Google is criticised for publishing a flaw in in Windows 8.1 that could allow an attacker to give themselves admin privileges
A flaw in Windows 8.1 that could allow an attacker to gain control of a system by granting a low-level account administrator privileges has been described by Google’s Project Zero security team.
The vulnerability was apparently reported to Microsoft privately on September 30 but was made public 90 days later because the bug has still not been fixed, presumably in the hope that it would pressure Microsoft into releasing an update.
However this approach has divided opinion within the security community, with many arguing that the publication of a still unpatched flaw could expose Windows 8.1 users to unnecessary risk. Security expert Graham Clulely said Google had effectively published a ‘proof of concept’ that could be used to malicious hackers to launch attacks on affected systems.
Windows 8.1 flaw
“Fortunately, Microsoft has pointed out that the security flaw uncovered by Google’s researchers isn’t of the highest severity,” he said. “To exploit the bug, an attacker would need to have valid logon credentials and be able to log on locally to a targeted machine. But it’s still easy to imagine a disaffected employee using the bug to cause mayhem if they so wished.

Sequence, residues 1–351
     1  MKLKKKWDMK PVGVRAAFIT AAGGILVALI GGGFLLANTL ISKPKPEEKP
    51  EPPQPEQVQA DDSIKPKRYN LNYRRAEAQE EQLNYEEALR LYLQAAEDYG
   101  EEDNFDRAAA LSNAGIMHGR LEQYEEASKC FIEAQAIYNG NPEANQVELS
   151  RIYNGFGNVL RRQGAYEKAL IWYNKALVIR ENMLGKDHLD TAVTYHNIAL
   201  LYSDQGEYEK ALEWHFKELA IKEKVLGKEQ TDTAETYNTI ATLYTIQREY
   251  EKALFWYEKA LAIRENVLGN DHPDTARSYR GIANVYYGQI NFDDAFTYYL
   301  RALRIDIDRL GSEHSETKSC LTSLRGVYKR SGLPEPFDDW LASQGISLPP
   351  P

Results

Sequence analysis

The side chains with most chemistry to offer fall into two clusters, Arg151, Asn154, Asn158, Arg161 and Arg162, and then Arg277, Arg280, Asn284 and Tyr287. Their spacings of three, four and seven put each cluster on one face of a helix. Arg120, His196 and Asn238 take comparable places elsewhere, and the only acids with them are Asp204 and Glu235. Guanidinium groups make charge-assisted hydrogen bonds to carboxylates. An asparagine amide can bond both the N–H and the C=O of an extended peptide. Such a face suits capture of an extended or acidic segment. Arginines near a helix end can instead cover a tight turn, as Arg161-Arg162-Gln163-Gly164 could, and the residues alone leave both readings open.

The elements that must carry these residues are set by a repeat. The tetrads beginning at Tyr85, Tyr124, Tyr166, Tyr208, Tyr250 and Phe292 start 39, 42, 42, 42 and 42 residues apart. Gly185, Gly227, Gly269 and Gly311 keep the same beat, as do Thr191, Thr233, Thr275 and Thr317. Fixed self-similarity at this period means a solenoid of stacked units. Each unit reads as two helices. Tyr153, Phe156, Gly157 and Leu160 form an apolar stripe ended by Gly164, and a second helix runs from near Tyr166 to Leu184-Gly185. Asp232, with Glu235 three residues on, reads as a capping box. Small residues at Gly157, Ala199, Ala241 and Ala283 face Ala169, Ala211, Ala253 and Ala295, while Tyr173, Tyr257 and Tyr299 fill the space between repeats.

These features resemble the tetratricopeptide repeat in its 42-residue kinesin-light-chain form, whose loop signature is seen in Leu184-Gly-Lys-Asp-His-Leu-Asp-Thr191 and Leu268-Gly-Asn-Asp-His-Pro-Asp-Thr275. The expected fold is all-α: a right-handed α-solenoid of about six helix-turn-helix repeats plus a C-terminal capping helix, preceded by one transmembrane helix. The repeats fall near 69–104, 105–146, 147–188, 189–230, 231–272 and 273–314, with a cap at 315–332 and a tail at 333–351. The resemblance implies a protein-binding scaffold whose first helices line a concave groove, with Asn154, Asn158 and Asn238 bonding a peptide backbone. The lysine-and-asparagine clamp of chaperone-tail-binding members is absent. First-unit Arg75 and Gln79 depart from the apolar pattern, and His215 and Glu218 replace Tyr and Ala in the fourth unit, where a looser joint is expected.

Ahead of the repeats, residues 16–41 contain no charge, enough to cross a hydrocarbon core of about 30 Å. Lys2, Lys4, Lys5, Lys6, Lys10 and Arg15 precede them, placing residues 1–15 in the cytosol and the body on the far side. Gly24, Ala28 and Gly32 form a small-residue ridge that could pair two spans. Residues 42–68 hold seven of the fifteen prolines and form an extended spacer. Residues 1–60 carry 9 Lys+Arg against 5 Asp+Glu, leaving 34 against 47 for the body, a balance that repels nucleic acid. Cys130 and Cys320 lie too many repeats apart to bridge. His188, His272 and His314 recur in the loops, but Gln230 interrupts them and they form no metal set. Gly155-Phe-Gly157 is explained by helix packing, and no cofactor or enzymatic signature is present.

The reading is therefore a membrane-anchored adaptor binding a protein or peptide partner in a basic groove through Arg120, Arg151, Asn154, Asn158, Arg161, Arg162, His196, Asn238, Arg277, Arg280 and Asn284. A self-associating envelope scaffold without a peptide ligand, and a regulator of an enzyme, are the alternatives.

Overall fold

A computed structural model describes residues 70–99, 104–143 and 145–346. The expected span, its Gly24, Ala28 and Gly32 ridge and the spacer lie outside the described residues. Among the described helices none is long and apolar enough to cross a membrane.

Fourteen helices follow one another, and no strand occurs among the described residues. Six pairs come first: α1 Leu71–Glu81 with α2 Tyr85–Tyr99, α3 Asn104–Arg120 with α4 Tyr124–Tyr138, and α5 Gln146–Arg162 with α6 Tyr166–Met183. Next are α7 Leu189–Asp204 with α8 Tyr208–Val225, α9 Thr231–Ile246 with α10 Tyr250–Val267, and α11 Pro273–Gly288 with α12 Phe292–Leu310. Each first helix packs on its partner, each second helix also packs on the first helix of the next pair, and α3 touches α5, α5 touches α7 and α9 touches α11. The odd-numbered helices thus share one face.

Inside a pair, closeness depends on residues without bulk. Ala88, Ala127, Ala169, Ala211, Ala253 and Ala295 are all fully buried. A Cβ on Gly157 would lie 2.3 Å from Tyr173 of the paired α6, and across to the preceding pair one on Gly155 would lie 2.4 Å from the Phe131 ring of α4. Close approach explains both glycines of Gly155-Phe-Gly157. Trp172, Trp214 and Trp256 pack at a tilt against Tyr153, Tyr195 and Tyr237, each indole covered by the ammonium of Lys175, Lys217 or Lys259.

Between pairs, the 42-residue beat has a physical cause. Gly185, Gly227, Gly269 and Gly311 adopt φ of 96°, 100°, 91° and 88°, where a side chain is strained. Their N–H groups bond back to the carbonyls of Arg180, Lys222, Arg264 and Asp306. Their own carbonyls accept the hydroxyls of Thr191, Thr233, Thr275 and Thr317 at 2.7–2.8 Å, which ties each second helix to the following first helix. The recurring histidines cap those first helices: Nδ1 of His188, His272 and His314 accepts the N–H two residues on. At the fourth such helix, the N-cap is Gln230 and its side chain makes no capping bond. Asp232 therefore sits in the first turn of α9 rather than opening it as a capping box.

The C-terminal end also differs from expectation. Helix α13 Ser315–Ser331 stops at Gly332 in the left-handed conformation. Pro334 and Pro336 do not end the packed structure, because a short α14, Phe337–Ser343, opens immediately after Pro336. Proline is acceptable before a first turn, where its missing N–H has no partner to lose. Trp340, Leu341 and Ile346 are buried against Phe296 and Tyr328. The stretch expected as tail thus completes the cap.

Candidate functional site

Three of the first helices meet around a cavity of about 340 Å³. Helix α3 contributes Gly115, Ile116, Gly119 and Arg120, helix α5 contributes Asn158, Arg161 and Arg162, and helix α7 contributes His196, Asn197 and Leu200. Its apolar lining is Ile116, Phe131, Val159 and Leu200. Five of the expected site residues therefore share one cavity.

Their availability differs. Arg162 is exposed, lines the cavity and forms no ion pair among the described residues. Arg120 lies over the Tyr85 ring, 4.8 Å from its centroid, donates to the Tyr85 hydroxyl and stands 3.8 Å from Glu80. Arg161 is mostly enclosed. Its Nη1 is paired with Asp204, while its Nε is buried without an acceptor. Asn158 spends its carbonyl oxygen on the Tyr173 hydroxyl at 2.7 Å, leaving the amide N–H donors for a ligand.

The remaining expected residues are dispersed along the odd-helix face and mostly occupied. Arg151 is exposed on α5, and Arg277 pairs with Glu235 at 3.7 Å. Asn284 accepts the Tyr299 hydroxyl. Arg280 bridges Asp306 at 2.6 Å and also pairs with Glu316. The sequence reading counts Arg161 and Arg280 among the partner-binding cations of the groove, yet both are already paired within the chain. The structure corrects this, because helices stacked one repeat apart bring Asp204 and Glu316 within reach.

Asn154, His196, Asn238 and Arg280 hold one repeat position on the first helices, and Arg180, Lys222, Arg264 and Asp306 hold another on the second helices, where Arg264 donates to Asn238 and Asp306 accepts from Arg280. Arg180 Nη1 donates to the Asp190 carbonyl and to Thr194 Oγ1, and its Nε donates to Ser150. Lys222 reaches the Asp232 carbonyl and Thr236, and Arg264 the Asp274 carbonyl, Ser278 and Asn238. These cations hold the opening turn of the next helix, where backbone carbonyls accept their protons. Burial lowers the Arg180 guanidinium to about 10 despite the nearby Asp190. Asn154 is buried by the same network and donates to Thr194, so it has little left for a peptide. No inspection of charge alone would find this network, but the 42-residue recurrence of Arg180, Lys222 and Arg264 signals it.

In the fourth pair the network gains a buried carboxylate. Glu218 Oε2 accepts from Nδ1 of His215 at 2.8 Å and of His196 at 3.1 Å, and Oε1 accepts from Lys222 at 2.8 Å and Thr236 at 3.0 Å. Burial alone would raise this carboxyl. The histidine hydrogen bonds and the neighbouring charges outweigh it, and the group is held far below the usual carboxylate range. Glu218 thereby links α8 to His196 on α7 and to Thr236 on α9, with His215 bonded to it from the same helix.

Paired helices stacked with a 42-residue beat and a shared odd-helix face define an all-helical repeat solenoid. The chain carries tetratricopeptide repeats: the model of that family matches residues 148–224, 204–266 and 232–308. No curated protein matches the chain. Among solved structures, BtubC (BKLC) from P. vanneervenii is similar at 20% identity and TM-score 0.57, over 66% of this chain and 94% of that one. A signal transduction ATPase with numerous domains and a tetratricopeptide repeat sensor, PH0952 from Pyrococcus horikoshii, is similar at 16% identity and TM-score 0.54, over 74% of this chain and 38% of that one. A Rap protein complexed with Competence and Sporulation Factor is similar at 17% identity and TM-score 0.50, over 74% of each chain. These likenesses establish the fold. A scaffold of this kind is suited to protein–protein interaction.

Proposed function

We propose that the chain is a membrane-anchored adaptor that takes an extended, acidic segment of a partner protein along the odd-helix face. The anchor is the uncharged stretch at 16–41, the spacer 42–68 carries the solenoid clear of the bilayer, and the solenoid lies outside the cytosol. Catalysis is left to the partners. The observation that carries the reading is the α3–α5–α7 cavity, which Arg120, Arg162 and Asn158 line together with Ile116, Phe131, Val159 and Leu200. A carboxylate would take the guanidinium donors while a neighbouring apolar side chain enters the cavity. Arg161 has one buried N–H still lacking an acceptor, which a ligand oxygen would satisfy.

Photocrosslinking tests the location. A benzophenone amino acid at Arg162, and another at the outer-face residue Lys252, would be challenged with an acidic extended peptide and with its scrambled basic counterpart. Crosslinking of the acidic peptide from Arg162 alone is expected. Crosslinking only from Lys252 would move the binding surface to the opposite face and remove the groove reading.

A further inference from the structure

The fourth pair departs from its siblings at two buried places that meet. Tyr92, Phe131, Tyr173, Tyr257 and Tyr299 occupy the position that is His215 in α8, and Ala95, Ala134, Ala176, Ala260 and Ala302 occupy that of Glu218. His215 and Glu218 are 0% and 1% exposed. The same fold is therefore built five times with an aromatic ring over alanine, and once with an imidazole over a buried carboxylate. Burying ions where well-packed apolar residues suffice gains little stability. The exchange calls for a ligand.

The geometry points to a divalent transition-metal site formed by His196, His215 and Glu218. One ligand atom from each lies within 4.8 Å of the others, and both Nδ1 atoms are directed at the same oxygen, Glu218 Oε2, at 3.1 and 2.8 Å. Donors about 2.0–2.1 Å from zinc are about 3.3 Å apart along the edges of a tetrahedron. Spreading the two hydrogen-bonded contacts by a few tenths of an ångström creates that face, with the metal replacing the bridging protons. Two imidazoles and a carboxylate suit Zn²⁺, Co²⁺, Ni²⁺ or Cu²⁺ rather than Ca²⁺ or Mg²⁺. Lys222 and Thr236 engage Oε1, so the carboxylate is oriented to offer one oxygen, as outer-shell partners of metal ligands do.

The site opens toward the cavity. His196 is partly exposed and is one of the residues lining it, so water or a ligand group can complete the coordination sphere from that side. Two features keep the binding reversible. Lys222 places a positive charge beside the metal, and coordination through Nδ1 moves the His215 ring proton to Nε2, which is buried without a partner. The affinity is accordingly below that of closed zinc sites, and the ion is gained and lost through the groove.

“If you want to apply pressure on a software vendor who you believe is taking too long to fix a security flaw, don’t release blueprints of how to exploit the vulnerability onto the internet. Instead, go to any technical journalist who works on the security beat. They’ll be happy to have the flaw demonstrated to them, and then responsibly report that the bug still hasn’t been fixed.”
It has been suggested that Microsoft may have taken its time releasing an update because of complications with a number of recent patches that have introduced new bugs into Windows. The MS14-045 patch made available in August caused the dreaded Blue Screen of Death to appear for many users, while ‘unspecified user issues’ caused a fix for Windows 7 and Windows Server 2008 to be pulled in October.
“While 90 days may be long enough to fix flaws found in many pieces of software, we can’t say for certain what Microsoft would have to do behind the scenes to address this issue,” said Chris Boyd, malware intelligence analyst at Malwarebytes. “It can’t risk introducing more vulnerabilities or flat out breaking key components by rushing a fix.
“It’s too early to say how serious this is, but now Microsoft is under some visible pressure to tackle the problem one would hope the eventual patch doesn’t cause more security holes further down the line.”
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